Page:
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The violence of remembering and forgetting: gender, nation and narration in the aesthetic reception of Dido/Elissa

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This article examines the representation of Dido/Elissa in Tunisian literature and nationalism and the literary, visual and performing arts of the West. This study has three central arguments. The first holds that the myth of Dido has served in these various discourses as an aesthetic tool to discuss expanding empires and state hegemony as well as gender, racial and national identity. The second claim this study makes is that all discourses on Dido are enunciated from specific hegemonic positions; be they privileges of race, class, gender, nationality, or education. The last argument affirms that these various artistic modes (epics, operas, paintings, novels, or museums), have produced images of Dido that are overlapping and contradictory at times. Dido emerges in the end as a liminal or trickster figure who defies all boundaries and definitions.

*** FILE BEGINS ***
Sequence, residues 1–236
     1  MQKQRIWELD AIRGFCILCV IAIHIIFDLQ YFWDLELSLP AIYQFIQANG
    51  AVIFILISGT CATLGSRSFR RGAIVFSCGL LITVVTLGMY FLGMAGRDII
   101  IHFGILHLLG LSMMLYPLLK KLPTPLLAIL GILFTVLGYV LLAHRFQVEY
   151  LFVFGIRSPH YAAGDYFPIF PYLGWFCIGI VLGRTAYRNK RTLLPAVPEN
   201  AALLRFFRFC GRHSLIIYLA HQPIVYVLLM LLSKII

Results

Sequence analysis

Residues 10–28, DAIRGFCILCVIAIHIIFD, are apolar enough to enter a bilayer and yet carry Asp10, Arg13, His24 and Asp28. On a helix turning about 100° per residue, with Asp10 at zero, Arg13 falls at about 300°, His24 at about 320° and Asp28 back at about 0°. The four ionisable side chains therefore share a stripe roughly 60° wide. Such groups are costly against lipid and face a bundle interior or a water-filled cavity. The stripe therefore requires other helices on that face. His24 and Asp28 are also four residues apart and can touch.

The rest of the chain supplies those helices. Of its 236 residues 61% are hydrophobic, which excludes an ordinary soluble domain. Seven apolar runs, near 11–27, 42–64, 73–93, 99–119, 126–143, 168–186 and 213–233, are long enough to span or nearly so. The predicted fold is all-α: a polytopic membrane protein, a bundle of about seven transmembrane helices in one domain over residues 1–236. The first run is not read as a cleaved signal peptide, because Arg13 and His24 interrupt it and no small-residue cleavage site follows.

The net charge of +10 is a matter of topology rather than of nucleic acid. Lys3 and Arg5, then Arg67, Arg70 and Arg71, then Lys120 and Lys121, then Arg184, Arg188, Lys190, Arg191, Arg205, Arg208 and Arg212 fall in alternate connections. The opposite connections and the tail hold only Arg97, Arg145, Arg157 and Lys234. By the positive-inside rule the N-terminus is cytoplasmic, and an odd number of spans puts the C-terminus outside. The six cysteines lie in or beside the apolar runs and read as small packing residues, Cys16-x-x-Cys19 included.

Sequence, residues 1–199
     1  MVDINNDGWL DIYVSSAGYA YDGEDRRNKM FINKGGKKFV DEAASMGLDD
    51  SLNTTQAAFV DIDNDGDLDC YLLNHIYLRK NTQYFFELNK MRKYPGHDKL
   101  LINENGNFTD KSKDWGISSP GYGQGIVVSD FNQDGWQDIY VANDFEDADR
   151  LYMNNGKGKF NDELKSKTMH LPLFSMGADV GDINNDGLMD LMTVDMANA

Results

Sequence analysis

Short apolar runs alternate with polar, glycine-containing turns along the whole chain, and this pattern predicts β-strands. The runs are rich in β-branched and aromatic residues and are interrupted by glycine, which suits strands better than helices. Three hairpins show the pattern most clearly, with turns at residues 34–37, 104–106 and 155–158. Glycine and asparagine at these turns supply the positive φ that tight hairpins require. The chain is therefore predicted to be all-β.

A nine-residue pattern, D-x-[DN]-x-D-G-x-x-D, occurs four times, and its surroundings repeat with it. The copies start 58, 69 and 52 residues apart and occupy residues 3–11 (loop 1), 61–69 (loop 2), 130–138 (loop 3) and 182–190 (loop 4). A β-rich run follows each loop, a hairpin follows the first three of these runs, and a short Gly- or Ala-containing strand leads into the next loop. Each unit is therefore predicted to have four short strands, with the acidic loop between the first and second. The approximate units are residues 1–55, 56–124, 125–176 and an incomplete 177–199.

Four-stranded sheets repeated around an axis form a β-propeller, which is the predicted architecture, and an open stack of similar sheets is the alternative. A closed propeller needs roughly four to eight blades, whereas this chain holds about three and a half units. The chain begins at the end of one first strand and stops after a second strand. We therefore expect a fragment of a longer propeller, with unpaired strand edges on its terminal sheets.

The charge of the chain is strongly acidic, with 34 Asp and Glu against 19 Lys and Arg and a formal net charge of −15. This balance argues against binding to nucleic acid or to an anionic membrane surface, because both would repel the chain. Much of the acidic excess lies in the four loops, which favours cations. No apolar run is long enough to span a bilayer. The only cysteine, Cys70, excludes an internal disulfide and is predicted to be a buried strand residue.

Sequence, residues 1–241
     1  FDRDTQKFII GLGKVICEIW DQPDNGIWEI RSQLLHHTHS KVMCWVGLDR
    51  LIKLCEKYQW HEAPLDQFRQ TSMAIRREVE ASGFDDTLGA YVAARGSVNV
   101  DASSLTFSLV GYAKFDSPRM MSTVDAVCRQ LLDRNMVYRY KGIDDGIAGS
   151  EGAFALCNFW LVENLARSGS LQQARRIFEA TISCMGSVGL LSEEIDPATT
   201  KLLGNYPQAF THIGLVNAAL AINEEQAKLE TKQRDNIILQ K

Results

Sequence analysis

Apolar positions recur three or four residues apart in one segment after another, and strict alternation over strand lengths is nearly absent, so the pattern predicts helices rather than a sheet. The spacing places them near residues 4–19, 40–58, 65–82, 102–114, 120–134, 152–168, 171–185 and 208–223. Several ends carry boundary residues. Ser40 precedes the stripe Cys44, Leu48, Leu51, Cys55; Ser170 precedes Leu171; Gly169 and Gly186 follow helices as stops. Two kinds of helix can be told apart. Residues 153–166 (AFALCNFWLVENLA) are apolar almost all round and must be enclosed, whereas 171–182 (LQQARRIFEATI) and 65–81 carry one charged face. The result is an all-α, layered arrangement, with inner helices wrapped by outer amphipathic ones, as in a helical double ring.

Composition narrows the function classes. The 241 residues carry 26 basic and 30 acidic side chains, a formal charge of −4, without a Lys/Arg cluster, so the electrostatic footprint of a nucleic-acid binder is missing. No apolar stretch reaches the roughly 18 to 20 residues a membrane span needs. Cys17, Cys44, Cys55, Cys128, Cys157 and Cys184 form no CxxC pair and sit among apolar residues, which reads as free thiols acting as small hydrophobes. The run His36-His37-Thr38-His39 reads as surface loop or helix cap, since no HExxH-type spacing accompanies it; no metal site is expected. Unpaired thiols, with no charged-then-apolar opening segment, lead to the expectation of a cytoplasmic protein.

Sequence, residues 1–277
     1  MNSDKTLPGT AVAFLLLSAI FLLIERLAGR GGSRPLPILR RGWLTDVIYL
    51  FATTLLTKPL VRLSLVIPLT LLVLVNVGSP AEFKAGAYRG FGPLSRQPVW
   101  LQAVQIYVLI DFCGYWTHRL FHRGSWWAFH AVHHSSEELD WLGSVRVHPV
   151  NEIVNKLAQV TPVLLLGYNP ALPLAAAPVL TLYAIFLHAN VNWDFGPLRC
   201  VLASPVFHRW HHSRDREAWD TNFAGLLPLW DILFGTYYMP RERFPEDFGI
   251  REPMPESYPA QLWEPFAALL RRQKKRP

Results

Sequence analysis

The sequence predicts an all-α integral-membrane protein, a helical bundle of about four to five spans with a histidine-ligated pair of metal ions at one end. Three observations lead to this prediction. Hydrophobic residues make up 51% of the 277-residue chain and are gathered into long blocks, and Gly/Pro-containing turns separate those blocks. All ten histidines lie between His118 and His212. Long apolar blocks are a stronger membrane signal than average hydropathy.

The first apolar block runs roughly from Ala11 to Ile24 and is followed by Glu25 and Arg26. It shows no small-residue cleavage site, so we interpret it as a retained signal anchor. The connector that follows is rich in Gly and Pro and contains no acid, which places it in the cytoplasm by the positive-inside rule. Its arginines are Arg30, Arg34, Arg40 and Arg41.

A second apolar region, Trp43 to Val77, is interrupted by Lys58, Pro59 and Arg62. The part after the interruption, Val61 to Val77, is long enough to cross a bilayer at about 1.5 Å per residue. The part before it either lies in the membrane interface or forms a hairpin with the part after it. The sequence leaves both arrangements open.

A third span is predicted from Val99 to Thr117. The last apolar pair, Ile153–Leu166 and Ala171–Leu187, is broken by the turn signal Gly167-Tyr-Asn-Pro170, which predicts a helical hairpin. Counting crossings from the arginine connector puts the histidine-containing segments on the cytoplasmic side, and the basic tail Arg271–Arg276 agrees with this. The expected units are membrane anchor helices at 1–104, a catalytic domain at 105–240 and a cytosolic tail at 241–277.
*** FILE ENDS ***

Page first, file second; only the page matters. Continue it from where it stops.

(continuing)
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Keywords: Dido; Maghreb; archive; arts; francophone; nationalism

Document Type: Research Article

Affiliations: University of Alabama

Publication date: 2005-04-01

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  • The International Journal of Francophone Studies offers a critical preview for a new development in the understanding of 'France outside France', with a thorough insight into the network of disciplinary issues affiliated with this study. The journal complements the thriving area of scholarly interest in the French-speaking regions of the world, bringing a location of linguistic, cultural, historical and social dynamics within a single academic arena.
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